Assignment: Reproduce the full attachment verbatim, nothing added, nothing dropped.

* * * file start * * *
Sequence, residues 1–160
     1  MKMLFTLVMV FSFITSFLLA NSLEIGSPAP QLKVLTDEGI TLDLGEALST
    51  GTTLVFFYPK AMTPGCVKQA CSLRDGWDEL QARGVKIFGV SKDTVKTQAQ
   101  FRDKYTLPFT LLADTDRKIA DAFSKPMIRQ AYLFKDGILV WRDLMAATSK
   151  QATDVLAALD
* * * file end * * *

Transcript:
Sequence, residues 1–160
     1  MKMLFTLVMV FSFITSFLLA NSLEIGSPAP QLKVLTDEGI TLDLGEALST
    51  GTTLVFFYPK AMTPGCVKQA CSLRDGWDEL QARGVKIFGV SKDTVKTQAQ
   101  FRDKYTLPFT LLADTDRKIA DAFSKPMIRQ AYLFKDGILV WRDLMAATSK
   151  QATDVLAALD